Recognition judgments and the performance of the recognition heuristic depend on the size of the reference class
In a series of three experiments, participants made inferences about which one of a pair of two objects scored higher on a criterion. The first experiment was designed to contrast the prediction of Probabilistic Mental Model theory (Gigerenzer, Hoffrage, & Kleinbolting, 1991) concerning sampling procedure with the hard-easy effect. The experiment failed to support the theory's prediction that a particular pair of randomly sampled item sets would differ in percentage correct; but the observation that German participants performed practically as well on comparisons between U.S. cities (many of which they did not even recognize) than on comparisons between German cities (about which they knew much more) ultimately led to the formulation of the recognition heuristic. Experiment 2 was a second, this time successful, attempt to unconfound item difficulty and sampling procedure. In Experiment 3, participants' knowledge and recognition of each city was elicited, and how often this could be used to make an inference was manipulated. Choices were consistent with the recognition heuristic in about 80% of the cases when it discriminated and people had no additional knowledge about the recognized city (and in about 90% when they had such knowledge). The frequency with which the heuristic could be used affected the percentage correct, mean confidence, and overconfidence as predicted. The size of the reference class, which was also manipulated, modified these effects in meaningful and theoretically important ways.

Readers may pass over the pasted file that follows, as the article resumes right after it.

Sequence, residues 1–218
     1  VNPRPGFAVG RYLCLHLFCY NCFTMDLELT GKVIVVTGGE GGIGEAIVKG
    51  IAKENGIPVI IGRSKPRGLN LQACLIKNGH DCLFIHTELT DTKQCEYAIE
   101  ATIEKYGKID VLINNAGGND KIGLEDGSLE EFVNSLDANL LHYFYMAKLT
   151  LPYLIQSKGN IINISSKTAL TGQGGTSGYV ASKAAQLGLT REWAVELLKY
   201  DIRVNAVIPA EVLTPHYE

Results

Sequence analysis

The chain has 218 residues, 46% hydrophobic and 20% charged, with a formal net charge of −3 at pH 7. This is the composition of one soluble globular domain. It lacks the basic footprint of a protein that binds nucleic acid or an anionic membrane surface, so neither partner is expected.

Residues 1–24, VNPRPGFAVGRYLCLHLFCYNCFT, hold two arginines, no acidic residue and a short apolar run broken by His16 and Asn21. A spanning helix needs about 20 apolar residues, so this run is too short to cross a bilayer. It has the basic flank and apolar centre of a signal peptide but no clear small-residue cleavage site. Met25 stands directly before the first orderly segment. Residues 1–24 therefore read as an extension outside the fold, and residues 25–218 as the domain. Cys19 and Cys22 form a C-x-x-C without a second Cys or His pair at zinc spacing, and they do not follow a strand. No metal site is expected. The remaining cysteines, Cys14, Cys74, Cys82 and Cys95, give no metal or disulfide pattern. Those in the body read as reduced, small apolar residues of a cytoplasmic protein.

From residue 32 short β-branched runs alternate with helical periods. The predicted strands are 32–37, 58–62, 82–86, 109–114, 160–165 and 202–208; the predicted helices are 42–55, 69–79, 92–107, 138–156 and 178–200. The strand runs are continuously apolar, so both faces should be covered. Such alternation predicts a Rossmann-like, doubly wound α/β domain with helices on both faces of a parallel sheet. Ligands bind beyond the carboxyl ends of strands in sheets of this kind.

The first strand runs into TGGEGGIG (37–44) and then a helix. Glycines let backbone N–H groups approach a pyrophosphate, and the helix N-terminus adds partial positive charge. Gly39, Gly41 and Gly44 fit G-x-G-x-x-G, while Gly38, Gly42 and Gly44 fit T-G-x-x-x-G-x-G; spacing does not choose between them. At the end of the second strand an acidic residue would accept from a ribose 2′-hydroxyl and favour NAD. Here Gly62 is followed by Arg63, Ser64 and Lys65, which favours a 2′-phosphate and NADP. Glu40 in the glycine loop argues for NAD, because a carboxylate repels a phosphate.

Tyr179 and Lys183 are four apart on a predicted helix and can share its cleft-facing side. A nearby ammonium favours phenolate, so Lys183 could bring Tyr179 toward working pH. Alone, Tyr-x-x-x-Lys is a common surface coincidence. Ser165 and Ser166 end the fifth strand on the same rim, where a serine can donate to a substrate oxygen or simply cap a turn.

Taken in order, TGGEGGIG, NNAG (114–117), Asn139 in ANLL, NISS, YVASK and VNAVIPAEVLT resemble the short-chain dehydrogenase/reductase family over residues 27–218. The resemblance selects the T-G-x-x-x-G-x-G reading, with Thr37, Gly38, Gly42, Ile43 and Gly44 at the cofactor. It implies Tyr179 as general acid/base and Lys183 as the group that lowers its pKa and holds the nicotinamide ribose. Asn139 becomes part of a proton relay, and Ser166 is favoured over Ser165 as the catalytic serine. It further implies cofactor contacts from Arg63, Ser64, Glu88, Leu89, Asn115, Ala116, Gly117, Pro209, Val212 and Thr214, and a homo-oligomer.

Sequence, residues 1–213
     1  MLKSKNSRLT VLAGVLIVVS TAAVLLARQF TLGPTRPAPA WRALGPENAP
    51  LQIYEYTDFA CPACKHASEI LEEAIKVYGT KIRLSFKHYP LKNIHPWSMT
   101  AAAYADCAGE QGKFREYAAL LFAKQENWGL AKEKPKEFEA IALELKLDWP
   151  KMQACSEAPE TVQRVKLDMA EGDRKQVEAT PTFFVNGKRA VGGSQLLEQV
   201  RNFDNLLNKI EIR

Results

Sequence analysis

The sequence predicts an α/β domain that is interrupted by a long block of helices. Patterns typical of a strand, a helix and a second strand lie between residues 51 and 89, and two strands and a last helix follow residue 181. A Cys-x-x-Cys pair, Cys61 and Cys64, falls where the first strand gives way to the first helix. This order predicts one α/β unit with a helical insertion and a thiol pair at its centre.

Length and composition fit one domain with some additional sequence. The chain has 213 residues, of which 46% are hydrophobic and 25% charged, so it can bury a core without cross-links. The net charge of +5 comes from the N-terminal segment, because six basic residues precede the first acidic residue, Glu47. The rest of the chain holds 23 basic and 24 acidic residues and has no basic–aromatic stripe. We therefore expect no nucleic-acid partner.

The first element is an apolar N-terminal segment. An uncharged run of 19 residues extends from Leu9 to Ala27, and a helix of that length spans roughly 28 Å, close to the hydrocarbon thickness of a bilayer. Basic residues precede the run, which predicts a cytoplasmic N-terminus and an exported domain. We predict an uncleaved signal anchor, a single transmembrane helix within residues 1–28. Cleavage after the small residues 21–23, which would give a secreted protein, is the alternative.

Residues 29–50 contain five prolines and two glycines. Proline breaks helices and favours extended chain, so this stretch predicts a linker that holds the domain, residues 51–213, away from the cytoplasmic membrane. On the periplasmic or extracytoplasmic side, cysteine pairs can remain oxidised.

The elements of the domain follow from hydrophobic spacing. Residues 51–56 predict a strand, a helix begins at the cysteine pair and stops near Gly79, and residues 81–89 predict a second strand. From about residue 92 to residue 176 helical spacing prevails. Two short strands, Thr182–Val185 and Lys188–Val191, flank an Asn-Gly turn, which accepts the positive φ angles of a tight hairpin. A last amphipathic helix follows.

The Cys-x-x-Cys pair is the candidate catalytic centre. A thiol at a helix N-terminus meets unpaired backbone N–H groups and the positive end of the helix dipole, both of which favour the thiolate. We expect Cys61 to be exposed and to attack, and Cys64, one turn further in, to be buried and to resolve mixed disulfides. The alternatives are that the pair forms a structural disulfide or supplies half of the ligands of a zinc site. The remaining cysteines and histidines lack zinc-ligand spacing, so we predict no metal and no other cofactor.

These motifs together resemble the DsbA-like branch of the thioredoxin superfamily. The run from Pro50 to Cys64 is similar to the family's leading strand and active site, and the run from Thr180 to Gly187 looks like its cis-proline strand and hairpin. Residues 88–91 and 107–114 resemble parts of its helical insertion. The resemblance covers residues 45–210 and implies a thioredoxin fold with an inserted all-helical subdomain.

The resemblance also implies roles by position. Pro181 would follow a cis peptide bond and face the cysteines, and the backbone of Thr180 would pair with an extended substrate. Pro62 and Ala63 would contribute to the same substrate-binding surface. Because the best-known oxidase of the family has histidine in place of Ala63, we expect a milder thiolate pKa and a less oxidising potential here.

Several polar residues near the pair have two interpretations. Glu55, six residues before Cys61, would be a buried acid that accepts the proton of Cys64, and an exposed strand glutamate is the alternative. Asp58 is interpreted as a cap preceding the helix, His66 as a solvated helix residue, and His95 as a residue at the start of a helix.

Volume (Year): 6 (2011)
Issue (Month): 1 (February)
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